The third installment in the Halloween Carnival series. McBride’s is the anchor in this installment, but newcomers, Armstrong and Grant, give nice little additions as well. Let’s get right into them:
The Way Lost – Kelley Armstrong
Every year, in the town of Franklin, a child disappears. No one talks about it and everyone goes about their business. Dale Tucker knows what happens. Or does he?
A fun tale of small town legend meets reality.
4.5 out of 5 stars
La Calavera – Kate Maruyama
A roommate is a little too obsessive over her friend getting a boyfriend and moving on with her life. An okay story that you knew how it was going to end long before it did.
3 out of 5 stars
The Devil’s Due – Michael McBride
The small town of Pine Springs, CO has enjoyed over a century of prosperity. On Halloween, it’s time to pay for that prosperity. But this Halloween, Thom isn’t willing to pay the price. Great story telling that only McBride can do.
5 out of 5 stars
A Thousand Rooms of Darkness – Taylor Grant
Anne suffers from a debilitating phobia of Halloween. Her family members were killed in freak accidents, all on the October 31st. She decides to move to Colorado for a fresh start, but the holiday is fast approaching. Bad stuff starts happening and Anne is slowly consumed with dread. The story seemed slow until the ending which brought a whole new light to the tale. Loved it’s uniqueness.
4 1/2 out of 5 stars
The Last Night of October – Greg Chapman
An elderly invalid anxiously awaits the nightmare from his past to visit his door on Halloween. Oh where to start with this one? Let me start by saying that I think this was a decent story. It had many elements that I would’ve enjoyed a whole lot more if the delivery was better. Let me explain. First, Chapman didn’t do his homework with his dates. If you’re going to do a flashback to a bygone era, get the information right. When he goes back to set up how Gerald’s loathing of Halloween came to be, he uses the year 1952. He then goes on to describe Gerald’s new friend wearing a Minnesota Twins hat. The old Washington Senators didn’t relocate to Minnesota and become the Twins until 1961. He then describes how the neighbor boys talked back and forth between their bedrooms with walkie talkies. Those types of wireless walkie talkies weren’t available until the 1960s. The ones from the early 1950s had wires that connected to them and didn’t use antennas. If it were only those two items, I’d still think the story was sloppy, but I could still overlook it. What I can’t overlook is the dialogue between the characters. In the beginning, Gerald and Kelli were at each other’s throats. Gerald was the crotchety old man that just wanted her out of the house. Then, once they’re trapped, he immediately calms down and begins talking completely calm to her which leads into him spilling his guts to let the reader in on the backstory. Again, sloppy delivery. There was such an abrupt shift in his disposition that my suspension of disbelief crashed and it could never get back on track. This was only one example of the many times this happened and it made what had the makings of a really fun story. To me, a story like this that has so much potential but doesn’t deliver is much more frustrating than a story that completely stinks with very little redeeming qualities.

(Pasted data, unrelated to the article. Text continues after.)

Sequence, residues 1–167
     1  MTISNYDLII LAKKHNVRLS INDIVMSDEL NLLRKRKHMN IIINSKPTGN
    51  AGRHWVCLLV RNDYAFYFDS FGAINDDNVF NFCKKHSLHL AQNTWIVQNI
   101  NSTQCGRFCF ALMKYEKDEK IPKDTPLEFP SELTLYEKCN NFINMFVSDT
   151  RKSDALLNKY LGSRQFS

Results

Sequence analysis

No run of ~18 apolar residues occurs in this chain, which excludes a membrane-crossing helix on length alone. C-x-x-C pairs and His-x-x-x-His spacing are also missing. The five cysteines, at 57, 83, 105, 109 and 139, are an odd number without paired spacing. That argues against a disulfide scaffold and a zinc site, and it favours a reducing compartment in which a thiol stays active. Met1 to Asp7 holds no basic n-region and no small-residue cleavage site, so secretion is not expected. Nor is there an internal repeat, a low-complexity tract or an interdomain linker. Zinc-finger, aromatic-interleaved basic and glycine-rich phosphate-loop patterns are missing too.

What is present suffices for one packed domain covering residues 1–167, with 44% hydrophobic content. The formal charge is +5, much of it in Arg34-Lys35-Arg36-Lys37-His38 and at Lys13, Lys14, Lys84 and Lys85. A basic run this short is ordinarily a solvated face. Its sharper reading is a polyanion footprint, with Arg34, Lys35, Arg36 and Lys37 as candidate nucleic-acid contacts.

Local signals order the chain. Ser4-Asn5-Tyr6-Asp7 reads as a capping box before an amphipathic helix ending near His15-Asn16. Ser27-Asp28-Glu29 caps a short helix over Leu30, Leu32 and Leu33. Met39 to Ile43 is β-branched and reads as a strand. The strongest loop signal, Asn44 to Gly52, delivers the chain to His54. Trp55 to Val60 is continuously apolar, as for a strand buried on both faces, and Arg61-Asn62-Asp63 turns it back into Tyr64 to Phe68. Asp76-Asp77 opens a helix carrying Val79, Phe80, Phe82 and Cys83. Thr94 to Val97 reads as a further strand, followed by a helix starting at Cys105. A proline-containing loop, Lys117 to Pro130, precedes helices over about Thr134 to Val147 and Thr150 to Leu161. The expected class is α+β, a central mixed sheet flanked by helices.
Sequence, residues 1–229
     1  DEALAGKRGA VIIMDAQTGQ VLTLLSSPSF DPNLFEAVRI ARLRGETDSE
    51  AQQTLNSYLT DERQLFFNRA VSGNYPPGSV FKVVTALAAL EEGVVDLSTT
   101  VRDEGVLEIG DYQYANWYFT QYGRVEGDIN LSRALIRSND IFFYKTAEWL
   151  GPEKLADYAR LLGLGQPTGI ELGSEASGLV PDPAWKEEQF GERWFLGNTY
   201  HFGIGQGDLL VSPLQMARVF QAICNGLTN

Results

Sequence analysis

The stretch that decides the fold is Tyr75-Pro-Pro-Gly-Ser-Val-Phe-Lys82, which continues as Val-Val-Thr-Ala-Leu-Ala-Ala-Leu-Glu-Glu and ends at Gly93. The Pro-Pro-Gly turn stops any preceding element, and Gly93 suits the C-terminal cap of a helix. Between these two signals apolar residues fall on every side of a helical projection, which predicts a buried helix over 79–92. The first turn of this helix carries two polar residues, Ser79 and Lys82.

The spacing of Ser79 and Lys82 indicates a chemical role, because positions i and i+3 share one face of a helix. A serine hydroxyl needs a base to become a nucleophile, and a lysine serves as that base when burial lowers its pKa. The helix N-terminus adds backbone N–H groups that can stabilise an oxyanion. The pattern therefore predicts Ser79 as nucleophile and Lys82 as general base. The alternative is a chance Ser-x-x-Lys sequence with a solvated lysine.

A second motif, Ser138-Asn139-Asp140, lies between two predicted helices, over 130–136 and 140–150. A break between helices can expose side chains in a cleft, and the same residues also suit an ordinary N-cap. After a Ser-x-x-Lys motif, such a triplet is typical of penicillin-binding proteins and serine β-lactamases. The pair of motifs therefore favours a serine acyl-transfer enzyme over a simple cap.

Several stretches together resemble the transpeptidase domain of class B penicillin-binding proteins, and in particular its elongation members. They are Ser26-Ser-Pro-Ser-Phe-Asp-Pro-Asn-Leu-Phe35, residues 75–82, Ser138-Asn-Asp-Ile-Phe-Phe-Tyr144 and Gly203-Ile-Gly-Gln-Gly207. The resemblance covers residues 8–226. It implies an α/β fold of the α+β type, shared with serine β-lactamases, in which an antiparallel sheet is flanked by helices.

2 out of 5 stars
Overall, a decent collection marred by a couple of clunkers. Still worth picking up, if only for McBride’s tale.
3 3/4 out of 5 stars
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